The Bureau of Reclamation is laying out two sharply different alternatives for future Colorado River water cuts: Prioritize reductions based on water rights seniority — California’s preferred option or distribute cuts evenly across all Lower Basin water users.

The agency included both options in a draft environmental impact statement on Tuesday amid gridlock in state discussions over plans for cutting between 2 million and 4 million acre-feet of water to preserve operations at Lake Powell and Lake Mead.

The proposals highlight the fault line that has become apparent during state-level discussions over the future of the river. Officials from California, the largest user of water on the river, have previously expressed support for using the “first-come, first-served" system that has governed water rights in the river for decades. Negotiators from neighboring Arizona, under pressure to save the low-priority Central Arizona Project, prefer for cuts to be distributed evenly throughout the basin.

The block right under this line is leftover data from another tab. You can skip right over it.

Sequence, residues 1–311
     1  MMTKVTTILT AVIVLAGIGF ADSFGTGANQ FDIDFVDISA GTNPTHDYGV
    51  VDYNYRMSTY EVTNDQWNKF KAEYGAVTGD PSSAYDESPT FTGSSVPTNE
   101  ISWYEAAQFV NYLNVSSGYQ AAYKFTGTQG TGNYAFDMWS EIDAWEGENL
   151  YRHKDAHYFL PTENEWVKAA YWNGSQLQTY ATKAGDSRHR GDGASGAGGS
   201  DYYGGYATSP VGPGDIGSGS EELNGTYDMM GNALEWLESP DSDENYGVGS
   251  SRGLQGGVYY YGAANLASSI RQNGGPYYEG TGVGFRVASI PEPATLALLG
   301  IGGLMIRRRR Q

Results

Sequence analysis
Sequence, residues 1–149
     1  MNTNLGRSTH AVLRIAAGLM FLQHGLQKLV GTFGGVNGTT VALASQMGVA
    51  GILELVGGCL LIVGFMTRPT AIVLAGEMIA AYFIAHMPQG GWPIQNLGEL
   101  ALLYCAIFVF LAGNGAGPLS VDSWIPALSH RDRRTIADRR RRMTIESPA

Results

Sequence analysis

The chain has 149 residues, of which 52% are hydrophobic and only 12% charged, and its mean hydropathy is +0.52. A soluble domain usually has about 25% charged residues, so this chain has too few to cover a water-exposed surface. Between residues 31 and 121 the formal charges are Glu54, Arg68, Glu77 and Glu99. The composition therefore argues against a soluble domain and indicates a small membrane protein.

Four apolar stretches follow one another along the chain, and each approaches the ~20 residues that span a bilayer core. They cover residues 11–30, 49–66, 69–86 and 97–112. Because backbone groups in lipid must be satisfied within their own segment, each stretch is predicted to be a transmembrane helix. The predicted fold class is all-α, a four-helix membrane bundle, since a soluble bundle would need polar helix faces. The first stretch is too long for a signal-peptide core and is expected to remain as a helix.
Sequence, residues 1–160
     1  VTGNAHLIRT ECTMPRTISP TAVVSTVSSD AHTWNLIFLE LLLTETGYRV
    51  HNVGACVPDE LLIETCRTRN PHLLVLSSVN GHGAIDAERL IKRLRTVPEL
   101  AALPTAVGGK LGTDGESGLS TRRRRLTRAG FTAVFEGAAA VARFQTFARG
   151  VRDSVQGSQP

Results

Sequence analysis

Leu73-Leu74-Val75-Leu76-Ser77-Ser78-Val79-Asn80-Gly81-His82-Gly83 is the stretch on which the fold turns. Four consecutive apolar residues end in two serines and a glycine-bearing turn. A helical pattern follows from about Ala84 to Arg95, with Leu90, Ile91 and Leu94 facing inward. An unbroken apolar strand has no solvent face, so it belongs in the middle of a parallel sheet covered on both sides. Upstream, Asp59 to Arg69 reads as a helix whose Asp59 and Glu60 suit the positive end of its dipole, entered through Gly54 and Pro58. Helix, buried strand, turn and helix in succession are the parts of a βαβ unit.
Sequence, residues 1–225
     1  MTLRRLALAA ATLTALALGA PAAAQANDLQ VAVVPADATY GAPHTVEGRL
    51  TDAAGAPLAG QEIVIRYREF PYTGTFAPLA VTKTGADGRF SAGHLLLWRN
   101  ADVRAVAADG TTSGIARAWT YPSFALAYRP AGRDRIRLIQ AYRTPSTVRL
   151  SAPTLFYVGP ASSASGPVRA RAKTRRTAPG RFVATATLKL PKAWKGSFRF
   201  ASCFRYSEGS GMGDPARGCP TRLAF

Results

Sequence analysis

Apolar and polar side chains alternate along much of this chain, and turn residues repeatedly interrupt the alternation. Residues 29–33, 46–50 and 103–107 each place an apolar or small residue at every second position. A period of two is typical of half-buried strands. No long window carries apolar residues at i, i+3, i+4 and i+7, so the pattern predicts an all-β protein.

Deputy Interior Secretary Tommy Beaudreau told the New York Times Tuesday that he was “pretty comfortable” the equal distribution approach would protect water levels and comply with the law. But Interior spokesperson Melissa Schwartz stressed to Agri-Pulse that the department is not leaning toward any particular option.

The agency has “no preferred alternative,” Schwartz says.

The seven states that rely on the Colorado River were previously tasked with deciding how and where cuts should be made under the threat of unilateral action from the Bureau of Reclamation. These states, however, have already blown past two deadlines without a unanimous agreement.